i18n JavaScript library on top of Jed originally used in Calypso
Latest commit 711ff83 Jan 5, 2017 @Tug Tug committed on GitHub Merge pull request #25 from Automattic/add/localize-expose
Allow exposed composed component


I18n Calypso

This lib enables translations, exposing three public methods:

It also provides 2 utility methods for your React application:

Translate Method

translate() accepts up to three arguments (string, string, object), depending on the translation needs. The second and/or third parameter can be omitted:

 * @param {string} original  - the string to translate, will be used as single version if plural passed
 * @param {string} [plural]  - the plural string to translate (if applicable)
 * @param {object} [options] - properties describing translation requirements for given text


The following attributes can be set in the options object to alter the translation type. The attributes can be combined as needed for a particular case.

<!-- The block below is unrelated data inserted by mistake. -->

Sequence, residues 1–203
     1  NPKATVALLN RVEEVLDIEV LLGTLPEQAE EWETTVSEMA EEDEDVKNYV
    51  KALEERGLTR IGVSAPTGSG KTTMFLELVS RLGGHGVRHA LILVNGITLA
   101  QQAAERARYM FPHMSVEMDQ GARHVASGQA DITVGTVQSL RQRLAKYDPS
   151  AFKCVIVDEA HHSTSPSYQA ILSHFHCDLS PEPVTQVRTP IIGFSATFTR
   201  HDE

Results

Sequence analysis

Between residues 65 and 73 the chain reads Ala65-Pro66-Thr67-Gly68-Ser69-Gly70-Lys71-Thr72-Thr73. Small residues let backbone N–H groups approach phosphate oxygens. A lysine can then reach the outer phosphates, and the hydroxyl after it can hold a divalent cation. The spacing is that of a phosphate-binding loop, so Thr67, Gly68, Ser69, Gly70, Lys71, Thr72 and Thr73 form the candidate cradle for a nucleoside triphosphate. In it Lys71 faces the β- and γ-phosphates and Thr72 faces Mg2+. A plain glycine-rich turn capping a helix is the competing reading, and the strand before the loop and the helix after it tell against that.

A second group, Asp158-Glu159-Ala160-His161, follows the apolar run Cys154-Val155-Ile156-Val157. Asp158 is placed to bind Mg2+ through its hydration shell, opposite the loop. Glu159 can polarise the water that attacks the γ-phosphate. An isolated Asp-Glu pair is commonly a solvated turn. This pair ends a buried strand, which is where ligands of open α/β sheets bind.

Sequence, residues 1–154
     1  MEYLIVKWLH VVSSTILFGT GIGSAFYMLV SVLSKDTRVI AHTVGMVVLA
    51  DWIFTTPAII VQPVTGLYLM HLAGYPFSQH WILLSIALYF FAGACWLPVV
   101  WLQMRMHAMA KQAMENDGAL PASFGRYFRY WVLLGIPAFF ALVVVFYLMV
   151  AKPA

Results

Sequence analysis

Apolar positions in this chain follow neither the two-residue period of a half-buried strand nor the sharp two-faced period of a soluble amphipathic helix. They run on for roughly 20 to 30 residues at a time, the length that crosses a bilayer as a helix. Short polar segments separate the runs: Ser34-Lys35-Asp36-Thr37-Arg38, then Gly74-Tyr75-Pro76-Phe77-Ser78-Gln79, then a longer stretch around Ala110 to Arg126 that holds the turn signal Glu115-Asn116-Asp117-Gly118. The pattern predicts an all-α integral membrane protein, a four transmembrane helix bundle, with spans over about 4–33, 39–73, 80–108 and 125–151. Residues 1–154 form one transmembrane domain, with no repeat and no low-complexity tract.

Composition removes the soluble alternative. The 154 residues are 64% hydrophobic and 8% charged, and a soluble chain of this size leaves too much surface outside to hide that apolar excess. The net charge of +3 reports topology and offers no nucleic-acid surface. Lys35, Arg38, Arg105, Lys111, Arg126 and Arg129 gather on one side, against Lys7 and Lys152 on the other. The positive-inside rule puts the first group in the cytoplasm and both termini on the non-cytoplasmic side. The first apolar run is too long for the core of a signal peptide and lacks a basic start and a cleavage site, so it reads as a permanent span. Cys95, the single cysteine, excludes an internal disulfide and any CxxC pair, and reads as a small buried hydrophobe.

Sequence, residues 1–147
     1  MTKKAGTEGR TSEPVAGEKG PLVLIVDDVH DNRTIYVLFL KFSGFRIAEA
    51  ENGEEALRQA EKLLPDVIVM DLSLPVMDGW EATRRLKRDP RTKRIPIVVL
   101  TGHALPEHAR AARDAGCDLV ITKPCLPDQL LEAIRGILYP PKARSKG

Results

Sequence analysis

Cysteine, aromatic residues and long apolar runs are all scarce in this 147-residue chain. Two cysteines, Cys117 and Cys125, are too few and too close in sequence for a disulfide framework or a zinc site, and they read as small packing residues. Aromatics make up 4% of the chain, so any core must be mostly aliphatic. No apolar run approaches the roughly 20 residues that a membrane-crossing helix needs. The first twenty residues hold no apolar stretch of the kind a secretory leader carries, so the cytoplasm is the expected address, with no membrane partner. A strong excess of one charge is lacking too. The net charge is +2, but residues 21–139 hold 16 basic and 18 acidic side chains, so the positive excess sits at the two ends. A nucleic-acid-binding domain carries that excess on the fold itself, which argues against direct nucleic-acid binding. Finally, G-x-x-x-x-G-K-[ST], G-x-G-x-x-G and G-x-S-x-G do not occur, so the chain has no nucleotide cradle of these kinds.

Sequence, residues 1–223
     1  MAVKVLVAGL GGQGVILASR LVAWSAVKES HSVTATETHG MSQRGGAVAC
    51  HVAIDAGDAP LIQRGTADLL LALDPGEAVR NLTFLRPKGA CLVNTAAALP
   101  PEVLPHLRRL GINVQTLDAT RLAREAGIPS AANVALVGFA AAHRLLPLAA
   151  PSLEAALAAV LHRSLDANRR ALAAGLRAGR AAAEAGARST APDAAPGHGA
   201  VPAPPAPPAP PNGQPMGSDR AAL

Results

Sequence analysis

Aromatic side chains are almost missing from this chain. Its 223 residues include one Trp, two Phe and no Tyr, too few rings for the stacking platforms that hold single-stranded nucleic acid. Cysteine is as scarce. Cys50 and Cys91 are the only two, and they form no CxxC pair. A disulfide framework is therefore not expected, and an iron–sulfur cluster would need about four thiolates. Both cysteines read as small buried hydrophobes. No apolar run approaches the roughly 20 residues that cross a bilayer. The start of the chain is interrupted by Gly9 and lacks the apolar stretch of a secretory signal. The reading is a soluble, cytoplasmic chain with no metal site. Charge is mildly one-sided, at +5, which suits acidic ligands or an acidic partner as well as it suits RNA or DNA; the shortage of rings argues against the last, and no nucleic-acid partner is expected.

• options.args [string, array, or object] arguments you would pass into sprintf to be run against the text for string substitution. See docs
  • options.components [object] markup must be added as React components and not with string substitution. See mixing strings and markup.
  • options.comment [string] comment that will be shown to the translator for anything that may need to be explained about the translation.
  • options.context [string] provides the ability for the translator to provide a different translation for the same text in two locations (dependent on context). Usually context should only be used after a string has been discovered to require different translations. If you want to provide help on how to translate (which is highly appreciated!), please use a comment.